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Vladimir Isachenkov, Associated Press
Vladimir Isachenkov, Associated Press
MOSCOW (AP) — Russian lawmakers on Thursday quickly approved the appointment of a new prime minister, a day after President Vladimir Putin kicked off an unexpected reshuffle of his inner circle that could keep him in power well past the end of his term in 2024.
Mikhail Mishustin, the chief of Russia’s tax service, met with lawmakers from various factions in the State Duma ahead of the confirmation vote in the Kremlin-controlled lower house.
Mishustin vowed to focus on social issues and improve living standards.
“We have all the necessary resources to fulfill the goals set by the president,” he said. “The president wants the Cabinet to spearhead economic growth and help create new jobs. Raising real incomes is a priority for the government.”
Mishustin succeeds Dmitry Medvedev, a Putin associate who was Russia’s prime minister for eight years. Medvedev resigned hours after Putin proposed sweeping changes to the constitution.
Medvedev served as president in 2008-2012, keeping the seat warm for Putin who continued calling the shots as prime minister when he was forced to step down from the top job due to term limits. Under Medvedev, the constitution was amended to extend the presidential term from four years to six, although it limits the leader to two consecutive terms.
Putin has kept his longtime ally Medvedev in his close circle, appointing him to the newly created post of deputy head of the presidential Security Council.
The 53-year-old Mishustin is a career bureaucrat who has worked as the tax chief for the past 10 years, keeping a low profile and showing no political ambitions. He has won a good reputation among experts who praised him for boosting tax collection and streamlining Russia’s rigid tax administration system.
The reshuffle sent shock waves through Russia’s political elites, who were left pondering what Putin’s intentions were and speculating about future Cabinet appointments.
A constitutional reform that Putin announced in a state-of-the-nation address indicated he was working to carve out a new governing position for himself after his current six-year term ends in 2024, although it remains unclear what specific path he will take to stay in charge.
Putin has been in power longer than any other Russian or Soviet leader since Josef Stalin, who led from 1924 until his death in 1953. Under the current law, Putin must step down when his current term ends.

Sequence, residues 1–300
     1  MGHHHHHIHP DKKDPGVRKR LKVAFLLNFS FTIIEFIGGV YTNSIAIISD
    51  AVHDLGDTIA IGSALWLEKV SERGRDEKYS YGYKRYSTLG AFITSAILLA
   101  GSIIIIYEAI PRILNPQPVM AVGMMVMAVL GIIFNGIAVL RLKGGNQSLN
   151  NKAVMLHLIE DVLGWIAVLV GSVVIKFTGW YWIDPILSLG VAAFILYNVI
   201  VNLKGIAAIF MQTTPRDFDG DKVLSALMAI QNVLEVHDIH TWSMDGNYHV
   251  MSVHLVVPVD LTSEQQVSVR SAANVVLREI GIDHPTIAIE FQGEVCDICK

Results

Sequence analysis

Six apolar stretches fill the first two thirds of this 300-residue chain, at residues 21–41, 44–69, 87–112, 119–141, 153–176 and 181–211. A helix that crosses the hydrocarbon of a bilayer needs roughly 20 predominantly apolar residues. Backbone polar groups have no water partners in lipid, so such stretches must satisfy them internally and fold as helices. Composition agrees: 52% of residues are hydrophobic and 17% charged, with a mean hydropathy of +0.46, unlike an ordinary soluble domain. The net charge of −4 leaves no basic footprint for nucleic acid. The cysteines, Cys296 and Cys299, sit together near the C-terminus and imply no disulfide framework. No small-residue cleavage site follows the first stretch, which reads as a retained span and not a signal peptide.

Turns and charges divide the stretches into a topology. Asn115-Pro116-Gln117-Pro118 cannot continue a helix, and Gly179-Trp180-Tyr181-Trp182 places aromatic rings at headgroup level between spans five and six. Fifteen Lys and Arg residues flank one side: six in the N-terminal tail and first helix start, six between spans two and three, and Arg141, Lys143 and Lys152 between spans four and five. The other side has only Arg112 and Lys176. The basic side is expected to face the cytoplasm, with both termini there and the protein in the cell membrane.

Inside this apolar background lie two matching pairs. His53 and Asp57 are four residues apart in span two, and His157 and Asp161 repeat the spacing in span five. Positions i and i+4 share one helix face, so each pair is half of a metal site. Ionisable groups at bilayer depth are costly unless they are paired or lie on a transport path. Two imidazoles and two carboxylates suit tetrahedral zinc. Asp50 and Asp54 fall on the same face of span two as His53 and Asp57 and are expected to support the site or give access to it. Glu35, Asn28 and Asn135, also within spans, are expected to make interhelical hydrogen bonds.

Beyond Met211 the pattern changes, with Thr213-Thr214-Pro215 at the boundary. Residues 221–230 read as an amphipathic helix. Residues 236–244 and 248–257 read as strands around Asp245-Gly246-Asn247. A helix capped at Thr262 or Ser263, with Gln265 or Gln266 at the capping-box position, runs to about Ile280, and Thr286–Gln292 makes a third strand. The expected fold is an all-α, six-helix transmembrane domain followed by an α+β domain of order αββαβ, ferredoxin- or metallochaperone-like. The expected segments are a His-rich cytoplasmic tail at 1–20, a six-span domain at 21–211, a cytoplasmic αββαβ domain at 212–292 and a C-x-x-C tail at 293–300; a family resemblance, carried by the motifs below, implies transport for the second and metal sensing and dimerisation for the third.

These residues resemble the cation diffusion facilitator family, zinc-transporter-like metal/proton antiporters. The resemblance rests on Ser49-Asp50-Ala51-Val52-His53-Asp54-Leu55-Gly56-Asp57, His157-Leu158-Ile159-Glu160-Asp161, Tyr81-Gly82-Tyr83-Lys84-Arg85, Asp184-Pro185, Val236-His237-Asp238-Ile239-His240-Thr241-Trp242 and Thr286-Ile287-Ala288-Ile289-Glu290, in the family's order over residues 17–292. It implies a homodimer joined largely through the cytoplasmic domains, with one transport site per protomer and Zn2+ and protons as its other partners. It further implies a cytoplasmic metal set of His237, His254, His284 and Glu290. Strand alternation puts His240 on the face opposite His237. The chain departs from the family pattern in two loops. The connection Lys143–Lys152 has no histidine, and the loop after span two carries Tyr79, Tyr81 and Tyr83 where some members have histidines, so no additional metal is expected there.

Putin suggested amending the constitution to allow lawmakers to name prime ministers and Cabinet members. The president currently holds the authority to make those appointments.
At the same time, Putin argued that Russia would not remain stable if it were governed under a parliamentary system. The president should retain the right to dismiss the prime minister and Cabinet ministers, to name top defense and security officials, and to be in charge of the Russian military and law enforcement agencies, he said.
In his address, Putin said the constitution must also specify the authority of the State Council consisting of regional governors and top federal officials.
Putin on Thursday attended a meeting of the working group to draft constitutional amendments, saying they are intended to “strengthen the role of civil society, political parties and regions in making decisions about state development.”
Observers speculated that Putin might try to stay in charge by shifting into the prime minister’s seat again after increasing the powers of parliament and the Cabinet and trimming presidential authority.
Others suggested that he could also try to continue pulling the strings as head of the council and could even shift into a new position before his term ends.
Another potential option is a merger with neighboring Belarus that would create a new position of the head of a new unified state. That prospect that has been rejected by Belarusian President Alexander Lukashenko, an autocratic ruler who has been in power for more than quarter century.
Putin said that the constitutional changes need to be approved by a public vote, but officials said it doesn’t imply a referendum and it wasn’t immediately clear how it will be organized.
Daria Litvinova in Moscow contributed to this report.
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